Research continues to be conducted to further explain the reason why heart disease affects men and women differently. Research has found that women are more susceptible to damage of the very small coronary vessels – the vessels that are too small for stents or surgery. Heart testing to evaluate, understand, and treat this type of coronary artery disease must be specialized for women. A study reported in the Journal of the American Heart Association also offers clues about women’s heart disease. Researchers found the right ventricle to be larger in men than in women. The right ventricle pumps blood to the lungs so that all types of lung disease, such as COPD and sleep apnea, may uniquely weaken women’s health more than men.
Does Menopause play a role?
Additional studies are being conducted to learn about the role hormones play in women’s heart health, as well. Your body goes through many changes as you age and menopause is one of those changes. Studies have shown an increase in heart attacks among women about 10 years after experiencing menopause. Estrogen levels drop during menopause and estrogen helps arteries be more flexible and strengthens their interior walls. Since there is a decline in estrogen as you age, this may be a reason for an increase of heart disease in post-menopausal women. In addition to a drop in estrogen, a woman’s body goes through other changes when in menopause. For starters, blood pressure levels start to go up. In addition, LDL cholesterol (bad cholesterol), levels may increase and HDL cholesterol (good cholesterol) may decline or stay the same. Triglycerides (groups of fatty cells) contained within blood vessels, also go up during and after menopause. Women who go through menopause at an earlier age seem to accelerate their heart risks.
Despite the increase in heart disease in post- menopausal women, estrogen replacement therapy is not now recommended for heart disease prevention. According to a study published in the Journal of the American Medical Association Internal Medicine, hormone replacement therapy may actually increase women’s heart disease risk. Confusing? The authors found that women taking estrogen and progestin had higher risks of heart disease and breast cancer as well as more strokes and blood clots than those taking the placebo.
If you are already taking hormones for menopause, you don’t need to stop suddenly. Work with your gynecologist, cardiologist, or internist to determine your individual risk and benefit and how to best wean off.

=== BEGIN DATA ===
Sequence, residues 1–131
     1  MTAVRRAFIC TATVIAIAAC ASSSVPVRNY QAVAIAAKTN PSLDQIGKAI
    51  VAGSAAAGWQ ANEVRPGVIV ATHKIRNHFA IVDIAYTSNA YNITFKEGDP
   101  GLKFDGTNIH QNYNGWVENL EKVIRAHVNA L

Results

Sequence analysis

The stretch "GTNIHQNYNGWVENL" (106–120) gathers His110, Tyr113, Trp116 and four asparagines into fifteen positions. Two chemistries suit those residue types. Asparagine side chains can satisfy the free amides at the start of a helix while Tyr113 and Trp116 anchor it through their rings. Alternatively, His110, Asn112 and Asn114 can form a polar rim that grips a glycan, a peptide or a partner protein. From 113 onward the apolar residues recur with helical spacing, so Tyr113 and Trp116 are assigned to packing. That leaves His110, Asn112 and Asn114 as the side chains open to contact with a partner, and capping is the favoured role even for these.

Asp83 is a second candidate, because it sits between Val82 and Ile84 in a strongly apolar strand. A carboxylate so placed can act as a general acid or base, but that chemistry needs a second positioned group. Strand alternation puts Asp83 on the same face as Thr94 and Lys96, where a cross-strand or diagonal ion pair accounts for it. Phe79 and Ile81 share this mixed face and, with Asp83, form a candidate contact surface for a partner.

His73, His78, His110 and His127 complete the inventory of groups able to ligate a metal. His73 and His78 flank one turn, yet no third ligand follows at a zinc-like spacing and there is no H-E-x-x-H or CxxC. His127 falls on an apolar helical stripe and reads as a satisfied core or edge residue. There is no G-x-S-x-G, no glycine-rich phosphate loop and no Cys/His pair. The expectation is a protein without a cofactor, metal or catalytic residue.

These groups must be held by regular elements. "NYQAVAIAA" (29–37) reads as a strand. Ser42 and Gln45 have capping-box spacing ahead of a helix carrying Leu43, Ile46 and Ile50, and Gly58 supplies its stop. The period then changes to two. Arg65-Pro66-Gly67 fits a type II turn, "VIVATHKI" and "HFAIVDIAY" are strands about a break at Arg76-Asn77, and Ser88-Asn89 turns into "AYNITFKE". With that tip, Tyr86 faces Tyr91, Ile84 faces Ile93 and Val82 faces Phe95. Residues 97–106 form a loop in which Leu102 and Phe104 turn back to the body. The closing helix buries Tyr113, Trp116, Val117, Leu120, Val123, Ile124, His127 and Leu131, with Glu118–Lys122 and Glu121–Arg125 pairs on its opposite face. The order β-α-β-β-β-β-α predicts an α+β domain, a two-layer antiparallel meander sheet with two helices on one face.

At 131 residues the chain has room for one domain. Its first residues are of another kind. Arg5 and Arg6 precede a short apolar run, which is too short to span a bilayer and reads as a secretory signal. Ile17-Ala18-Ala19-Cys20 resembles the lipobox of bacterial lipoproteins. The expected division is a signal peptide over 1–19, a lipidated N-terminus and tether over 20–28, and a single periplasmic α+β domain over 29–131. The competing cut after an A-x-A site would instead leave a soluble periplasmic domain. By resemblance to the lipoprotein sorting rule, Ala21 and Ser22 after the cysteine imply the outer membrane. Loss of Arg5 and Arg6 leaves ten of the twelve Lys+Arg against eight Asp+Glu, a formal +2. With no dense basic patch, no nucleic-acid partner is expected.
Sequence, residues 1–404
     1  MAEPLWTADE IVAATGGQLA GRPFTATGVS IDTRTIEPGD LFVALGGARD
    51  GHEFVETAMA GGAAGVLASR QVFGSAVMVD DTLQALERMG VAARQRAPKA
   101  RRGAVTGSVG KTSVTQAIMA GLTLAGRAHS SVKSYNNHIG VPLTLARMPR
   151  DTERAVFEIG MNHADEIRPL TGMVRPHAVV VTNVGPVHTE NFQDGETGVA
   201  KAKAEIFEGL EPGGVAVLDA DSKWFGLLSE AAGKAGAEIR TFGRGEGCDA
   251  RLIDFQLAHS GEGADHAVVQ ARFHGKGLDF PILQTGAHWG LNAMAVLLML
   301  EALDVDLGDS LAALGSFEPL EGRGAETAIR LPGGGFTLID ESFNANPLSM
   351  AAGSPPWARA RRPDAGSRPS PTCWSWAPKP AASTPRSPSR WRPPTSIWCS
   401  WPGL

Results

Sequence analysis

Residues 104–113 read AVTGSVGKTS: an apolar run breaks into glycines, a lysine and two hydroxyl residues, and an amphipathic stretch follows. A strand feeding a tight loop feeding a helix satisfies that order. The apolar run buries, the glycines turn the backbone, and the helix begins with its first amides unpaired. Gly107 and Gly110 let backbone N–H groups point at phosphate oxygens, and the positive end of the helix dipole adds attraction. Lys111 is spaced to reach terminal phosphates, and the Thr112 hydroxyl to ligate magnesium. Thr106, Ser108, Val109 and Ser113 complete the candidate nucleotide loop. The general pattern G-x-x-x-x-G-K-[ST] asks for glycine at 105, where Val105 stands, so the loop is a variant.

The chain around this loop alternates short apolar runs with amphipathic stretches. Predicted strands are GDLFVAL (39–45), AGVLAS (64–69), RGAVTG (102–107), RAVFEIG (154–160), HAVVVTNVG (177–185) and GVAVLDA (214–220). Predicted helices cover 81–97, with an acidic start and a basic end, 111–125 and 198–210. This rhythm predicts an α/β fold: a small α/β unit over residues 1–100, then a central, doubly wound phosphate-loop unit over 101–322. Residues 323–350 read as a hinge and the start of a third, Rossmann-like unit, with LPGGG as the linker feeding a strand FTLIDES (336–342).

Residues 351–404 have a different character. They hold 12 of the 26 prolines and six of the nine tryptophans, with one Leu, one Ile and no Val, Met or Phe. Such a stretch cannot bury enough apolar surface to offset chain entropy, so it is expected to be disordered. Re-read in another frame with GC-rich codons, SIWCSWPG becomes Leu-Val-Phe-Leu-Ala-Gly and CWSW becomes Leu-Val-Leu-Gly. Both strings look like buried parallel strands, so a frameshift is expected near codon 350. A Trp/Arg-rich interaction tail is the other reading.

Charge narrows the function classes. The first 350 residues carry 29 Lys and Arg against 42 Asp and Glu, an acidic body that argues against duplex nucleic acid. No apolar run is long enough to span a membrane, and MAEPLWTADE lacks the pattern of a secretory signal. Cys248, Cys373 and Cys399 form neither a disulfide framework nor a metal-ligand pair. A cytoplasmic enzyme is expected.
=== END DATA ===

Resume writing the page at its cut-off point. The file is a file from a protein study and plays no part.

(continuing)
We want you to become fierce advocates of your own health. So what should you do right now and for years to come?
Do: Schedule regular heart screenings – Research shows that women have low risk factor awareness. Do not be one of those women! The American Heart Association recommends getting your cholesterol checked every five years, your blood pressure checked at least every two years, your blood glucose levels checked every three years, waist circumference checked as needed and body mass index during every regular healthcare visit.
Do: See a Cardiologist – When in doubt refer yourself or get referred to a cardiologist for heart testing.
Advise the moms in your life to do so, too!
Do: Exercise regularly – Women should try to shoot for at least 150 minutes of physical activity per week to help lower their risk of heart disease. Expensive gym memberships and fashionable sports attire is not needed. Take a brisk walk in your neighborhood and count yourself amongst the fitness buffs. It is never too late to start!
Do: Eat a healthy diet – Healthier eating translates into efficient heart function and overall well-being. Focus on adding healthy foods rather than subtracting unhealthy foods. Strive to eat 6 types of vegetables every day and at least 2 whole grain items.
Do: Stay positive – Sometimes after menopause, women can suffer from depression. According to research from the American Heart Association, depression doubles the risk of stroke in middle-aged women. This is why staying positive after menopause is so important for women. Going through menopause can feel like a huge life change for some women. But instead of getting depressed, try to embrace this time in your life by eating right, exercising, and socializing with friends. This is a time to celebrate your life, so get out there with people you enjoy!